I’m reminded of the barbershop on Center Street in El Segundo, where I once dropped in to get a haircut. It was a one chair shop, and someone else was in the chair, so I had to wait, and while I waited, I listened in on what amounted to a lesson in art criticism. The barber had hung on the wall a painting of a mountain lake. “And I have a photograph of that very spot,” the barber said. “And if I hang both of them side by side, I defy you to tell me which one is the photograph and which one is the painting.”

Related Posts: Where Winston Churchill meets Roddy Doyle; or, the Library is not a Zoo. The Elite and the Effete: From Access to Egress.

9 Comments Add yours

  1. I saw that, and twittered back something like … Don’t want to knock Paulo Coelho’s writing, but he’s got a nerve to knock J J’s form – he himself happily adopted a formula.

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    1. Joe Linker says:

      Thx, Ashen. I missed the tweet, not having a phone to tweet with. I’ve not read Coelho, though The Alchemist has been recommended to me. To some extent, he may be right about Joyce, as Dan below comments of Doyle, but to say Joyce “did harm,” as Coelho said, is silly.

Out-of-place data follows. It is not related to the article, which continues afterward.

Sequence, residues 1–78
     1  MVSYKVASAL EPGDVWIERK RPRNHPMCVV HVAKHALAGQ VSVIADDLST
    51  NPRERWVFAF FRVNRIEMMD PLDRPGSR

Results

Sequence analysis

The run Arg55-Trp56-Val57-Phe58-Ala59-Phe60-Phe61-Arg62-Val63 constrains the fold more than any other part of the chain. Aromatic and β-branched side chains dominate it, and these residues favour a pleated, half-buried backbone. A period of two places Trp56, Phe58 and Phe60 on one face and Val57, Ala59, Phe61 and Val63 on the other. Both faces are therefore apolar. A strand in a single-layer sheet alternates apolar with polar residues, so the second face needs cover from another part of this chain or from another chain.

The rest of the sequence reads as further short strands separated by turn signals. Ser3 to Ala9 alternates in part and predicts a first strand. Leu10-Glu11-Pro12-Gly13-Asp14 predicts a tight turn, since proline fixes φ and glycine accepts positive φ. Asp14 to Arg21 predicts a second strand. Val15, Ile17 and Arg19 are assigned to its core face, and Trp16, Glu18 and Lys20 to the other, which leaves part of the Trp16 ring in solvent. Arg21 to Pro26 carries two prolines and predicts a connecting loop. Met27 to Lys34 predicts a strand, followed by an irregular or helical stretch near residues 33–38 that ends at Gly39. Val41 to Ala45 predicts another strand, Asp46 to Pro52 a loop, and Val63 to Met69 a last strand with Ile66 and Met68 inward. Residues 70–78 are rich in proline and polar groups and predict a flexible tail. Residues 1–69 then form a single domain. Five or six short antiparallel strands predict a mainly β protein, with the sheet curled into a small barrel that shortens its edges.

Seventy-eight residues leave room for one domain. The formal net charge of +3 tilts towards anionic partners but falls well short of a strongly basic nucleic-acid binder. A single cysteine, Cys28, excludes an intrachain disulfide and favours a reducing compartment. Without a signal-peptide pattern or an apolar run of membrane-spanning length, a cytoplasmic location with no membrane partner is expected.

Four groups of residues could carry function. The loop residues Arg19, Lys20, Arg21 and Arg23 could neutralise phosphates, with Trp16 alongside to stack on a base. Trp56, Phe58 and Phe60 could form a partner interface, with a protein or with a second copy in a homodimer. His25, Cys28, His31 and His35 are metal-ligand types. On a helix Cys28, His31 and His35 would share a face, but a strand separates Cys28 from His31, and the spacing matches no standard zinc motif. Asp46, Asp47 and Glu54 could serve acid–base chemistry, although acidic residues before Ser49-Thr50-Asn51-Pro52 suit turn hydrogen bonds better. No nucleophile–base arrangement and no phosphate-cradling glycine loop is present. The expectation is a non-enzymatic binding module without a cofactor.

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  2. Dan Hennessy says:

    Having no facts at hand about the article you discuss , I think that Roddy Doyle is correct in saying that most readers of Ulysses were not ” moved by it ” . They clearly appreciate it as a great work for other reasons . Another Dublin man , Doyle , remember , is an Irish Right-er ( as you might put it ). I’ve never read the Brazilian man . Good discussion starter of what constitutes literary value .

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    1. Joe Linker says: